On a cold early spring morning in 2008 I somehow found myself in McDowell County, West Virginia on one of my random drives. At this time in my life I was just beginning to develop a love and interest in photography and documenting communities and disappearing parts of those communities. I felt as though I had found a treasure trove of goodies as I traveled through McDowell County. One of the most striking and memorable structures that I found on that day was the old Switchback Elementary School located on the eastern end of McDowell County.
At that point in my life I hadnt developed a huge interest in exploring abandoned buildings or documenting abandoned buildings, but I credit McDowell County and especially this school in nurturing and helping me discover this passion which has now developed into one of my favorite pastimes. Some people like to go to the ocean on vacation, I like to explore dilapidated and abandoned buildings.
This building has stuck with me over the past 7 years. I keep coming back to it and everytime I travel through this part of the country I have to travel down US 52 and see if the building is still standing. I had to research and find out more about Switchback and the school that had intrigued me so much.
In 2013 a guy by the name of Travis Dewitz, who much like me is an outsider, someone who isnt from McDowell County or West Virginia posted a blog entry on his photography website of his adventures exploring an abandoned school by the name of Elkhorn High School. Just so happened Elkhorn HIgh School looked exactly like Switchback Elementary, and it is a very unique building. Could Elkhorn High and Switchback Elemenrary be one in the same? Turns out yes, this was and is a practice commonly done when school districts are faced with consolidation, schools are often re purposed for other uses within the district. This just added fuel to my fire. His pictures were amazing and the story he shared about the school really had me amped up to know more.
That following summer I made a special side trip while on a trip to Philadelphia for the sole purpose of trying to get inside the old school at Switchback and it was a success.
the school was still largely intact and still in fairly sound shape.
The detached gymnasium was another story. The roof had fallen in by that point in time
Flashforward to October of 2015 and McDowell County has a new initiative to clear the land of abandoned and blighted structures. The old school at Switchback definitely fits that bill and I am about 90% sure the school’s days are numbered. The schools at War have already fallen to the wrecking ball. I just had to see the building one more time.
Before I go any further I guess its best for me to share the history of this building as it is listed on the alumni association website.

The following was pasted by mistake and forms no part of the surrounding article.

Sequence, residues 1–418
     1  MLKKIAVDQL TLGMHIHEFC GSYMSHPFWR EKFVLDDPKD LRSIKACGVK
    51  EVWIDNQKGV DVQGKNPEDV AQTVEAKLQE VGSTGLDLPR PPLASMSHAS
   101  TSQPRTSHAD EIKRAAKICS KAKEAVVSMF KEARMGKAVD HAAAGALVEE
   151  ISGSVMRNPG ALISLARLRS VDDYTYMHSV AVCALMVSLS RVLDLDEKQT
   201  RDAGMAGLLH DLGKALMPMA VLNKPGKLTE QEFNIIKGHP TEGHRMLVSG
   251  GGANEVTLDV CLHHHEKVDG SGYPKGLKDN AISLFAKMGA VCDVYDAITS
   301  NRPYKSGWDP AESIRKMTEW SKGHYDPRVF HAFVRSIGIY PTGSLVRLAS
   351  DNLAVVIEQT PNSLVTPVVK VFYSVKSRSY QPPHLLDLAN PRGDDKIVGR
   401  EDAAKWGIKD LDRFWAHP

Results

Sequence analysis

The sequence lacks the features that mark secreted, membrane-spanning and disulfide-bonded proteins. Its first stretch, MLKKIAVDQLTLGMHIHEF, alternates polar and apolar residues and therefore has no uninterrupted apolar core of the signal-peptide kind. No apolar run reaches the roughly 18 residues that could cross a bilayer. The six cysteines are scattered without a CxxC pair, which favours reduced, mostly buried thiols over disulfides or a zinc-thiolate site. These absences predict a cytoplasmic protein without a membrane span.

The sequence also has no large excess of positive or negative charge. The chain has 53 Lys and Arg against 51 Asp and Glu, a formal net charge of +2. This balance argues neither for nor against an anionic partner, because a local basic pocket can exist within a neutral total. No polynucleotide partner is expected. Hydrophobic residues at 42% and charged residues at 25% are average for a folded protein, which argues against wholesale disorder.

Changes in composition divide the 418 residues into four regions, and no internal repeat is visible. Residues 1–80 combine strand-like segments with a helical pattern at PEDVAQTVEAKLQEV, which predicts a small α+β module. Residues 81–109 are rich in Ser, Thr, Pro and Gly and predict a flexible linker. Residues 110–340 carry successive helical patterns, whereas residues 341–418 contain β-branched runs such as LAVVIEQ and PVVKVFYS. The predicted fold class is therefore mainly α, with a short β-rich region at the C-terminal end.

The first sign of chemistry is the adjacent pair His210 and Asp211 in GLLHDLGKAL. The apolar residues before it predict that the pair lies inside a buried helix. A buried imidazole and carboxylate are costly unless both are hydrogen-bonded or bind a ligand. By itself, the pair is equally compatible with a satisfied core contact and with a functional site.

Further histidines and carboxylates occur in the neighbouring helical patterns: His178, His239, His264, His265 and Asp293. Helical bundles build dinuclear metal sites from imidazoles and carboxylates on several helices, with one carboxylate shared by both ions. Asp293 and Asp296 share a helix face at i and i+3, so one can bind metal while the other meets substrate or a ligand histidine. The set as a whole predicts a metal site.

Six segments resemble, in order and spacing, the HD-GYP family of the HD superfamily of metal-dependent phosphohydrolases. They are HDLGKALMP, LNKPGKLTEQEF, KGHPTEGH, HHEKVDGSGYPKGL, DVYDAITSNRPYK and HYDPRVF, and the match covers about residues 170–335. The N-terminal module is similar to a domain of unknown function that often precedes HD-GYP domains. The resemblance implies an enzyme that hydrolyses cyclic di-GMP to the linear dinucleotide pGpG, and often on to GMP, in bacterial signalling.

n 1922, local citizens passed a bond issue for the construction of a separate Elkhorn District High School at Switchback. Although the building program was launched in early spring, the school was not finished in time for the opening of school September 18, 1922. Students met in crowded quarters at Elkhorn Grade School. After the Christmas Holidays, January 8, 1923,
168 students enrolled in the new Elkhorn District High School (EDHS).
At its opening, EDHS was well equipped in all departments including the library, music and home economics departments, manual training, chemistry and in sports, baseball and football.
The following year, the campus was landscaped by Elkhorn students from funds donated by James Elwood Jones.
Under the direction of Principal L. B Graybeal, the first EHS commencement was held Friday, June 8, 1923. Seven students were graduated, five girls and two boys.
In 1924, EDHS saw the construction of its gymnasium, tennis courts and indoor swimming pool. A teachers club and boarding house were also on the grounds. It is believed that Elkhorn had the first and maybe only such board-club house for their teachers.
Although Elkhorn High School was a small school, its students won many honors in competitions, often winning first place.
At the end of the 1953 school year, Elkhorn High School was closed and was co-joined with Northfork High School, again becoming Northfork-Elkhorn High School.
The building would continue serving the students of Eastern McDowell County as an Elementary School for the next 50 plus years, until the end of the 2003-04 school year.
Today the Switchback Elementary sign still hangs on the side of the building, but the letters are faded and the paint is peeling.
The windows and doors are broken out and the building is left unsecured.
….and weeds and shrubs have taken over a great part of the massive three story structure.